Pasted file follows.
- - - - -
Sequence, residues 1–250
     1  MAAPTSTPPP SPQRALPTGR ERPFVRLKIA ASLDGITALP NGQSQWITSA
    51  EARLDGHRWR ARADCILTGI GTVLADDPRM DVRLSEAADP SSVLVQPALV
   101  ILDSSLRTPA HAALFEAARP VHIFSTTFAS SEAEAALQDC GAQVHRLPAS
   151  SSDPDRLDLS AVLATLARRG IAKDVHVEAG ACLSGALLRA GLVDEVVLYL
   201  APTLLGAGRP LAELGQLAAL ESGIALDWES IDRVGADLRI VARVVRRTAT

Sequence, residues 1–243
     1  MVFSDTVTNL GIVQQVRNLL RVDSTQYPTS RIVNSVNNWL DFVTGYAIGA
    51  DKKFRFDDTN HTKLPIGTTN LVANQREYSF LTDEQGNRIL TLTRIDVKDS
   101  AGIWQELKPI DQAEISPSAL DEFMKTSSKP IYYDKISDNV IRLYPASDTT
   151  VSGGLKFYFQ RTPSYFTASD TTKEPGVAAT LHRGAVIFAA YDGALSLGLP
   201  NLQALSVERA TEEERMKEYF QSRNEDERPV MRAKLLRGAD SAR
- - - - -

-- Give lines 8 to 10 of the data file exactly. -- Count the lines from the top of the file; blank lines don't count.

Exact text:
     1  MVFSDTVTNL GIVQQVRNLL RVDSTQYPTS RIVNSVNNWL DFVTGYAIGA
    51  DKKFRFDDTN HTKLPIGTTN LVANQREYSF LTDEQGNRIL TLTRIDVKDS
   101  AGIWQELKPI DQAEISPSAL DEFMKTSSKP IYYDKISDNV IRLYPASDTT